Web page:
The formative music of the 17th century will get its place in the 21st-century spotlight later this month in Boulder. The Society for Seventeenth-Century Music hosts its annual conference here April 19-22.
College of Music Dean Robert Shay, who was among the musicologists who founded the society in the early 1990s, says the conference brings together music scholars from around the world. The 26th annual meeting is hosted by the College of Music and will be held at the Hotel Boulderado and includes paper presentations, panel discussions and performances of music written in the 1600s.
“As the society has grown, it has helped build a broader understanding of the 17th century as a unique period stylistically,” Shay explains. “The first operas, for example, are really products of this century, with Claudio Monteverdi’s 'L'Orfeo' and 'L’incoronazione di Poppea,' and Henry Purcell’s ‘Dido and Aenaes’ among the leading examples.
“Members of the society work on music from nearly every European country and the New World, too. Mexico will be the focus of two papers at this year's conference.”
Music of the early baroque period is having something of a renaissance, Shay says, and CU Boulder is part of that conversation—to the benefit of the students at the college.
“There are flourishing early music ensembles in many large cities that require specialized skills, and we want to provide insights and opportunities here that open students’ eyes to different repertoire and ways of making music.”
With the conference in town, College of Music students will get a unique chance to interact with the world’s best early music scholars. In addition to eye-opening presentations—Professor of Musicology Jeremy Smith and graduate student Jordan Hugh Sam present “My Sweet Child and Wife: Buckingham, James I and Homoeroticism in the English Anthem and Madrigal” on day one of the conference—on Friday night, April 20, attendees will fill Macky Auditorium for the finale of CU Presents’ 2017-18 Artist Series, a concert by Quicksilver Baroque Ensemble.
“We should always provide opportunities for our faculty and students to be a part of scholarly meetings like this. To be able to bring these experts here instead of traveling to them is a good enhancement,” Shay says. “It’s also great to be able to partner with the Artist Series.”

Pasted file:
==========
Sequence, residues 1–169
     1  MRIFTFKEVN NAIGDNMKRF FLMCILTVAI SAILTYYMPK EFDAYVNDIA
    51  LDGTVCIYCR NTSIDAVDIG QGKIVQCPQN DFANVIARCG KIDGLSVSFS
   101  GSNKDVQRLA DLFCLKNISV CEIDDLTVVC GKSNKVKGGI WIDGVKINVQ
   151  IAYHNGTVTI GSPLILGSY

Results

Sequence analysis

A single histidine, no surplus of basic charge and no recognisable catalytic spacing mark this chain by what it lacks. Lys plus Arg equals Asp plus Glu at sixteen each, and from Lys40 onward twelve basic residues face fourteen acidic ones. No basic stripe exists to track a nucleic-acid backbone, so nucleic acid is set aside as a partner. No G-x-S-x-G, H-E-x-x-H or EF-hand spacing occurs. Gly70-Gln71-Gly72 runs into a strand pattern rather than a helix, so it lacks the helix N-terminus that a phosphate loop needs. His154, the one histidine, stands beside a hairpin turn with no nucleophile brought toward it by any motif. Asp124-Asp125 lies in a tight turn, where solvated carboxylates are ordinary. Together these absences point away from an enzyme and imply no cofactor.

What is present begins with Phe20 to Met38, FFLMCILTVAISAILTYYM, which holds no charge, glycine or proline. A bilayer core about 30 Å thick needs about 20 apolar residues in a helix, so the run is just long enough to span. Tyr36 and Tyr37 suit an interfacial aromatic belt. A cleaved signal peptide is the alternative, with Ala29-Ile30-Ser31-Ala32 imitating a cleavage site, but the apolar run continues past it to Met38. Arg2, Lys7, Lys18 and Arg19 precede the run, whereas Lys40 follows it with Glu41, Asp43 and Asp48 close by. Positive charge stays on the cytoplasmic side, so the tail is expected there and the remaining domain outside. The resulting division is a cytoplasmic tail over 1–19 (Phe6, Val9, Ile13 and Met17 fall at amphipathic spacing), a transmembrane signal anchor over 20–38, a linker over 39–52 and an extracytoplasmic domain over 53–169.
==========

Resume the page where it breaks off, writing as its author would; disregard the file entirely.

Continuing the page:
The early music exploration doesn’t end when Quicksilver and their ilk leave town on the 22nd. In the fall, renowned harpsichordist Robert Hill will join the faculty as professor of harpsichord and the first Eugene D. Eaton, Jr. Chair in Baroque Music Performance.
“Robert is one of the leading harpsichordists for the last few decades. He’s an example of a performer-scholar who has excelled at the highest levels in both areas, and he’s a sought-after collaborator. We’re thrilled to be welcoming him here,” Shay says.
The chair was created with a gift from the late Eugene Eaton, a CU Boulder alumnus who so enjoyed College of Music performances that he regularly watched via Livestream from his homes in Alaska and Arizona. Hill, who moves to Boulder this summer from the Musikhochschule in Freiburg, Germany, says Eaton was passionate about music, despite not being a musician himself.
“He was really tuned into what he got from music,” Hill says. “His gift is making it possible for me to specialize in baroque performance, but also work with the larger college community to communicate the importance of historically oriented music to Boulder audiences.”
He adds, “We need to think of the past as a different country from a musical perspective. And in order to appreciate music of a bygone era for what it was and truly study it, we need to acknowledge our remoteness from it.”
The Society for Seventeenth-Century Music conference is April 19-22 at the Hotel Boulderado. For more information, visit the society’s website. And for Quicksilver Baroque tickets, go to cupresents.org.